Hind Bakri, a teenage Syrian refugee, dreams of becoming an astrophysicist despite economic and social pressures on her to marry.
ZARQA, Jordan – As a teenager obsessed with science, Hind Bakri grew up scouring NASA’swebsite, reading about everything from exoplanets to black holes. It was there Bakri found an online questionnaire for astrophysicists interested in NASA scholarships. Seeing nothing to deter her, Bakri filled it out and clicked the send button.
Months later, in February 2014, an international phone number popped up on the caller ID of the phone in Bakri’s family home. The caller identified himself as David, from NASA, and said he needed information regarding Bakri’s visa status and university degree.
“I was like ‘come on, do you know how old I am? I’m only 14,’” says Bakri. Discovering that he was speaking to an adolescent Syrian refugee and not an astrophysicist with a PhD, David gently told Bakri to reapply when she had a university degree. The call only lasted five minutes, says Bakri, but the hope it inspired endures.
Originally from Hama, Syria, Bakri no longer surfs NASA’s website. Instead, the 17-year-old, who arrived in Jordan in 2012, devotes herself to excelling in school in order to qualify for scholarships that will enable her to afford college tuition. She wants to study physics and eventually work as an astrophysicist for NASA.
Outwardly, Bakri’s otherworldly ambitions seem to make her unique compared to her peers in Jordan’s Syrian refugee community. But it is not her ambitions that mark her out, it is that she has been allowed to have them at all. The most recent school year for which statistics werepublicly available in Jordan, 2013-2014, show that only 3,670 secondary school-aged Syrians, out of 81,842 registered, were enrolled. That is 4.5 percent. Attending university, let alone a career as an astrophysicist, is unimaginable for most Syrians in Jordan.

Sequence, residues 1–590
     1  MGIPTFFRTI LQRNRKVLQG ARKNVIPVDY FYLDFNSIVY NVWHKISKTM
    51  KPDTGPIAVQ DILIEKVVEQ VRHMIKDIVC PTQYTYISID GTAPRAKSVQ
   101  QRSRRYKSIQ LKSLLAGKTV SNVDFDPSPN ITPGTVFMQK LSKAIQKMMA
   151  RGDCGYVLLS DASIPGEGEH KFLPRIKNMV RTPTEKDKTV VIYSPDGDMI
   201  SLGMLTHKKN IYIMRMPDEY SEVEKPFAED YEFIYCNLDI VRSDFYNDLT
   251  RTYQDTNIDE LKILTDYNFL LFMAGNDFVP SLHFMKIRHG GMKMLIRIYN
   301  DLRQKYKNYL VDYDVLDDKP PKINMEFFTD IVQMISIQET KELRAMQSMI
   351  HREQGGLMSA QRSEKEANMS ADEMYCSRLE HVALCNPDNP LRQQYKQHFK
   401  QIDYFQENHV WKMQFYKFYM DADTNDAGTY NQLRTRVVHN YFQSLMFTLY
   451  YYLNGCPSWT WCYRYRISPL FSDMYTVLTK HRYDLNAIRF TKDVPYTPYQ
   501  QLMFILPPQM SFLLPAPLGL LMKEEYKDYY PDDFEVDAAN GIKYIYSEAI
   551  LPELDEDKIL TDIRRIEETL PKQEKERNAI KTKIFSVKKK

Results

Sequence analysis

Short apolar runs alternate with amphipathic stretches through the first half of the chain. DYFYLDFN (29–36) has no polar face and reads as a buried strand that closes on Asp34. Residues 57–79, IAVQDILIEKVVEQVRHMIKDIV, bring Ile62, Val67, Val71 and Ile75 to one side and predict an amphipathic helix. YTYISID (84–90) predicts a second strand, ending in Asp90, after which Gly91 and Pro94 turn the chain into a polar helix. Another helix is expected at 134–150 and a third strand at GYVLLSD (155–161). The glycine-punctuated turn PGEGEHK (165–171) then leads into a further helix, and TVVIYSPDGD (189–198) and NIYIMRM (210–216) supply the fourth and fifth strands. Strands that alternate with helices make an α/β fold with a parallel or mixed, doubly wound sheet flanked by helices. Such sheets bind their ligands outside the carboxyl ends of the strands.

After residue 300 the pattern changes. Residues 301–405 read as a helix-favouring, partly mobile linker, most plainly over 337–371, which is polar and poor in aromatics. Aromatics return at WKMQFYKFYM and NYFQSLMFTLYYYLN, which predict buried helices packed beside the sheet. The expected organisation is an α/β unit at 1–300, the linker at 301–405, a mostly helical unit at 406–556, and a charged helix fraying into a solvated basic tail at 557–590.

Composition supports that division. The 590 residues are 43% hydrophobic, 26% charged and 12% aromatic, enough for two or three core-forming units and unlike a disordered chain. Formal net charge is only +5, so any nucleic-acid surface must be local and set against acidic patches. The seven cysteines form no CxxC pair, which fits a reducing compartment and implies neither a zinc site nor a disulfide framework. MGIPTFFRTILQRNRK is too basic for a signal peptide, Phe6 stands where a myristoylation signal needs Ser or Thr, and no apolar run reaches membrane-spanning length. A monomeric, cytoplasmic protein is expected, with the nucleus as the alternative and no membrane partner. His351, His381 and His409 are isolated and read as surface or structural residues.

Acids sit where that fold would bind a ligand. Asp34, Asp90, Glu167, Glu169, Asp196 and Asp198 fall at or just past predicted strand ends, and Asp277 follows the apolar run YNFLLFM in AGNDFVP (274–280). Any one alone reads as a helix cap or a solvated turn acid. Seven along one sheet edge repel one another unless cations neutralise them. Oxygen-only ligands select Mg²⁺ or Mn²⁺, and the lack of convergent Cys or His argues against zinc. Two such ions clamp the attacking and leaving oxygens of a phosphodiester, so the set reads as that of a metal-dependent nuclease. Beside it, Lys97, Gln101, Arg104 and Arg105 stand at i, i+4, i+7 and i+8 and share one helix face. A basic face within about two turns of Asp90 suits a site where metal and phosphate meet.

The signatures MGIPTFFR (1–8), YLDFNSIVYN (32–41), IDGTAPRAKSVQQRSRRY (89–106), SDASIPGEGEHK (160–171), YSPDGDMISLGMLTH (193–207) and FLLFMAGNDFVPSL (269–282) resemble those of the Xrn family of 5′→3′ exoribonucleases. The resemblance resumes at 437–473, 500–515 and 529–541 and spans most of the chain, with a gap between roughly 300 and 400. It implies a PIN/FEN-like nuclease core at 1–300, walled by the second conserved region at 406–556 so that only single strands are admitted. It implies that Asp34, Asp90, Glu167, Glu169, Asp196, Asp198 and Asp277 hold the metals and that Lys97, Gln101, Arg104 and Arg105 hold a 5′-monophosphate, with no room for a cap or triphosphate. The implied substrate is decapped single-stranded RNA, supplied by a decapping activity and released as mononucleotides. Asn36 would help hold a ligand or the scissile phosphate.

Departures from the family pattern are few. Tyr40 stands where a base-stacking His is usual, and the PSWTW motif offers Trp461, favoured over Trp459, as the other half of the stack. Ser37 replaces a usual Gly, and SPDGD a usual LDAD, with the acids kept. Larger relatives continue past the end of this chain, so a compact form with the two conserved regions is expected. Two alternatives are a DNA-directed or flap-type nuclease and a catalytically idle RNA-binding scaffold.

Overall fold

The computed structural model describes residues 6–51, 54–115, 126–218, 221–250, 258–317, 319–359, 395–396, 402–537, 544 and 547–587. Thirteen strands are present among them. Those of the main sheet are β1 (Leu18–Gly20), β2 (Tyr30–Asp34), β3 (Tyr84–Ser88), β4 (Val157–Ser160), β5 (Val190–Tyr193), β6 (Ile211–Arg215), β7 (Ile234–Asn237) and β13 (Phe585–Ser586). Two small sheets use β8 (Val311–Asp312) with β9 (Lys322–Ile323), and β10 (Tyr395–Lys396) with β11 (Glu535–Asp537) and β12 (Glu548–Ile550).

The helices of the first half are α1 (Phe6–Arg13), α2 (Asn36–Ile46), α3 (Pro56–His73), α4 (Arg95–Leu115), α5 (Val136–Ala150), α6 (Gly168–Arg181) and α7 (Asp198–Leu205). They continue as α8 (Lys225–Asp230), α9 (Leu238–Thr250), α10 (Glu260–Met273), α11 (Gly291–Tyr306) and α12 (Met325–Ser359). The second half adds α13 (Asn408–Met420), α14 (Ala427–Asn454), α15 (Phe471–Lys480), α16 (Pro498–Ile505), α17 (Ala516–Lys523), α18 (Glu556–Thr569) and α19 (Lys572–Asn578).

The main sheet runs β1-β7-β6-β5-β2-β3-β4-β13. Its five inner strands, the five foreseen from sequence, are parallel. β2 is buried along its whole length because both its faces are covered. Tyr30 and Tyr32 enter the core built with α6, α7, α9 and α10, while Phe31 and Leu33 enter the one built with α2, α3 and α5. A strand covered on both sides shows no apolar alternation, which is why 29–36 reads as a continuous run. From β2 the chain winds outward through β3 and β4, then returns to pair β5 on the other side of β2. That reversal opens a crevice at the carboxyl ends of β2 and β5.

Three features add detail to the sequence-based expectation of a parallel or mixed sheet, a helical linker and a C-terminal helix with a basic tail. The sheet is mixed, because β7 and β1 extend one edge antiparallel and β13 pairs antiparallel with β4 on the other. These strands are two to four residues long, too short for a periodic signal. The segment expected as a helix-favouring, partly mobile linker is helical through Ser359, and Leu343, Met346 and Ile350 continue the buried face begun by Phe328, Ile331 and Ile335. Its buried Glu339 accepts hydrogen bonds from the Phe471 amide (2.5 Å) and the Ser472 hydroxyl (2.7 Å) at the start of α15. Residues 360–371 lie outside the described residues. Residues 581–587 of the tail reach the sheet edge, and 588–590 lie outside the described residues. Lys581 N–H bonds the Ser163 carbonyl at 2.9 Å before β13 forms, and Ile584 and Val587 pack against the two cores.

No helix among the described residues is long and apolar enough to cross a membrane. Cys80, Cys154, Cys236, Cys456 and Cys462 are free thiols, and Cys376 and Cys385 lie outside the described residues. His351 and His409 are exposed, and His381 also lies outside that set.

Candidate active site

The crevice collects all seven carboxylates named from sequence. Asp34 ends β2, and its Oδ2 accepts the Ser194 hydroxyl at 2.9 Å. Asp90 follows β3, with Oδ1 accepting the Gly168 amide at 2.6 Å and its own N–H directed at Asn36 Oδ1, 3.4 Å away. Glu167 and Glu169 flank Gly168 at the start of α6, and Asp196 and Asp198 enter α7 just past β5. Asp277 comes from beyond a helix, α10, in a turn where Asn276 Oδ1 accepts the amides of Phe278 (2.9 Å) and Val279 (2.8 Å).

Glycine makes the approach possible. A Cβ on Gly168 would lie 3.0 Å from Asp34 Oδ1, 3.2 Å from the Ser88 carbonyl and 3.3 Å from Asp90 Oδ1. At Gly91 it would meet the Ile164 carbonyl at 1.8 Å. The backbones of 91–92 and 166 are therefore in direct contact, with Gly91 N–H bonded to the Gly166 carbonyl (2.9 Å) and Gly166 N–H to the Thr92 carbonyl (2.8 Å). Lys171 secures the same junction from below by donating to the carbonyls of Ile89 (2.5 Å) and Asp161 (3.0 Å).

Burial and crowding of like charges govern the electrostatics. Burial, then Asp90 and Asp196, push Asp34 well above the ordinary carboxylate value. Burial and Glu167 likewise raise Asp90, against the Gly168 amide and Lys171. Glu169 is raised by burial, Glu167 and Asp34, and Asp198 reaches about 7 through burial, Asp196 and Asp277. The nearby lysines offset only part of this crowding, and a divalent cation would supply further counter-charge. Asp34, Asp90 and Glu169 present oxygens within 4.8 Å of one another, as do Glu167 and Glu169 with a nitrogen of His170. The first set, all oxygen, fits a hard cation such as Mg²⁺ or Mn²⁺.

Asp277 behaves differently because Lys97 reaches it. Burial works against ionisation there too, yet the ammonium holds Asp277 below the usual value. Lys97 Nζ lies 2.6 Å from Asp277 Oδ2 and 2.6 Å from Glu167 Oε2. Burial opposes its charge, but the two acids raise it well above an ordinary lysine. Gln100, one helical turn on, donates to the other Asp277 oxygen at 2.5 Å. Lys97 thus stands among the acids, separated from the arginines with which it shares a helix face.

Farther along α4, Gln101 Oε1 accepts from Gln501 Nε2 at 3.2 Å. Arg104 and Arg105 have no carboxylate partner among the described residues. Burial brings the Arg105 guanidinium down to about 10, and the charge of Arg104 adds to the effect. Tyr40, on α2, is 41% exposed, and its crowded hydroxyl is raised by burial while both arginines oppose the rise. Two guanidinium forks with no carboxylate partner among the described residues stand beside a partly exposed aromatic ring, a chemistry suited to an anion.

In Zarqa, a bustling city of 400,000 inhabitants, only 24 kilometres northeast of Amman, Bakri is witnessing a disturbing trend among her peers. Poverty and scant economic opportunities are suffocating the ambitions of a populace already reeling from the Syrian conflict, now in its fifth year. Consequently, many Syrian youth living in Jordan have abandoned their education, seeing no future in it. An increasingly common alternative, mostly for girls, is early marriage – but not for Bakri.
Bakri’s mother, Aysha Alothman, married at age 12 in Syria, and this experience convinced her that her daughter should be allowed to wait.
“Being married at age 12 prevented me from continuing my education in regular schools,” says Alothman, 37. “It is great to be a mother and housewife, but this is not everything I aspired for.”
By sheltering her daughter from the prospect of early marriage, Alothman has enabled Bakri’s ambitions to flourish. Now Bakri’s family, consisting of her parents, older brother Fayez, and younger sister Nuha, are determined to help her finish her education, despite the economic and social pressures facing them as refugees.
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